Here is the forward to the book I am helping my dad write tentatively titled "The life and times of a barrio dog." This is a rough draft. Hopefully I can give you all more excerpts of his book in the future.
“Life is without meaning. You bring the meaning to it. The meaning of life is whatever you ascribe it to be. Being alive is the meaning.” Joseph Campbell
My life at this point seems pretty ordinary. I’m not sure if my life has even started yet. My life is a series of calculations. Every situation I enter is calculated ahead of time to give me the desired outcome. I guess you can say I am cheating myself of life. I know life is very unpredictable and can be very overwhelming. I know there are setbacks and victories. I have had my share of both. Half of my life is gone already and I know there is a lot out there for me to experience. By my age my dad had already lived a full and exciting life.
My dad grew up in the roughest part of San Antonio which is in the deep westside of the city. There is nothing luxurious about living in the westside of San Antonio in the 1950's. It was a constant struggle back then. It was a struggle to pay the bills and put food on the table with whatever means necessary. You did what you had to in order to stay alive. There was no fluffy outdoor malls back then. I have grown up in the safe suburbs of far Northwest San Antonio. My dad held several minimum wage jobs with just a GED education supporting a family of nine. It was not until later that he had time to continue his college studies. He later became self employed and then moved on to the corporate world. I have worked a few minimum wage jobs while in college obtaining my degree and have really worked in one industry for the past fifteen years. I have been supporting a family of four daughters which is a completely different story itself. My dad has told my that I have gone through similar struggles that he has gone through. I don’t really believe that. My struggles are minuscule compared to him.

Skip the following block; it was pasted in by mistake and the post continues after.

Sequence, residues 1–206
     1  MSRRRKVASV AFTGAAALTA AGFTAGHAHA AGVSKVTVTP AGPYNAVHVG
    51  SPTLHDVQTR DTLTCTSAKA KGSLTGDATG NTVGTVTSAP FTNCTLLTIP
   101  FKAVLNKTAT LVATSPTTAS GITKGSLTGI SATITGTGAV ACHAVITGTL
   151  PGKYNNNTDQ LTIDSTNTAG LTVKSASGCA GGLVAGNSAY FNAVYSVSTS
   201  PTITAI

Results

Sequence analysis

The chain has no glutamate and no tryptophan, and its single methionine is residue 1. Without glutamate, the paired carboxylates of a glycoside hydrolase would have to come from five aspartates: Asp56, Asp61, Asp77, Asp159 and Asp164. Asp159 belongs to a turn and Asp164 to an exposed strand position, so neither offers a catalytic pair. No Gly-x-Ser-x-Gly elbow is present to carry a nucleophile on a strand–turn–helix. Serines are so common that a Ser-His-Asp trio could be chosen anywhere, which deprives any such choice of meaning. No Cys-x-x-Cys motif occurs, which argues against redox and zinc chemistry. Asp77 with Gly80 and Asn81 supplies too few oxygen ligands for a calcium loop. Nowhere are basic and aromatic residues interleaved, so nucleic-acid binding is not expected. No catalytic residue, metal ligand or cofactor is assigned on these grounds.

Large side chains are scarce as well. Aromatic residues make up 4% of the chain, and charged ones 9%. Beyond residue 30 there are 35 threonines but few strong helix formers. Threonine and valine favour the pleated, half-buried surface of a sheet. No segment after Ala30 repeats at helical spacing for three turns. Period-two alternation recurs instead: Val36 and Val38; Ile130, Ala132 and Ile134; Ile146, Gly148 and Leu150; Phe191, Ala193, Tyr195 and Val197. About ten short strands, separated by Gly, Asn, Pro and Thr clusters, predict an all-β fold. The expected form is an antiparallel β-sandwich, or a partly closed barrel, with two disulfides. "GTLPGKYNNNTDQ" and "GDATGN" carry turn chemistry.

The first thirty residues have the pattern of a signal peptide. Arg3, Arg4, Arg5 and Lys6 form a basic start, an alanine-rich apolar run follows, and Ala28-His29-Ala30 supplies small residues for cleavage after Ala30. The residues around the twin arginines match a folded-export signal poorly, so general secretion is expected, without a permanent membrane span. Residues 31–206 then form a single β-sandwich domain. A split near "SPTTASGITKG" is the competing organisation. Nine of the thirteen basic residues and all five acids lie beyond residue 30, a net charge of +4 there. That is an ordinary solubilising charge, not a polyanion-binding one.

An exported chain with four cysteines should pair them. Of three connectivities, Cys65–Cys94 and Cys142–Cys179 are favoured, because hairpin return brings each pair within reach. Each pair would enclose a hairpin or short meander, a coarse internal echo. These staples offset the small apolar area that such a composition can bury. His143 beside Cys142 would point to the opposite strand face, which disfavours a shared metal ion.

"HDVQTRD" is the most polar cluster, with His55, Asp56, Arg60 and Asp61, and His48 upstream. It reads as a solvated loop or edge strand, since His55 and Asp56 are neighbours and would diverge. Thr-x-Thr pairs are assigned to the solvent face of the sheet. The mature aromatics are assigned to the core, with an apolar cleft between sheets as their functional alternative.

My struggles are sometimes financial but that is usually just panicking and thinking worst case scenario on my part. That is about as bad as it gets for me. I had no "turf wars'' to deal with or guns pointed in my face or knife scars to show anyone. He struggled learning to speak English in school. He struggled to help his mom and dad with money whenever he could. He struggled to keep out of the “turf wars” growing up in San Antonio with little success. He has told me that sometimes the “turf wars” go looking for you. He struggled with personal demons when he had to go rescue his dad from a bar fight while getting a gun pointed in his face. He struggled with himself not to go back to that bar with his buddies and shoot the place up. He knew that was not the right thing to do. That is not what his parents taught him.
My dad has lived more than I will ever live. He has lived that life so all of my brothers and sisters can have a safe, predictable life. His parents passed down the hard work ethic to him so he can pass that work ethic down to us. I hope to pass my work ethic down to my wonderful daughters. In a way I am helping my dad with this book for my daughters and my brothers and sisters so they can cherish this book for eternity. Hopefully my daughters will read this book when they get older and understand the life that my dad had to live in order to give me my values and pass those values and work ethic down to them.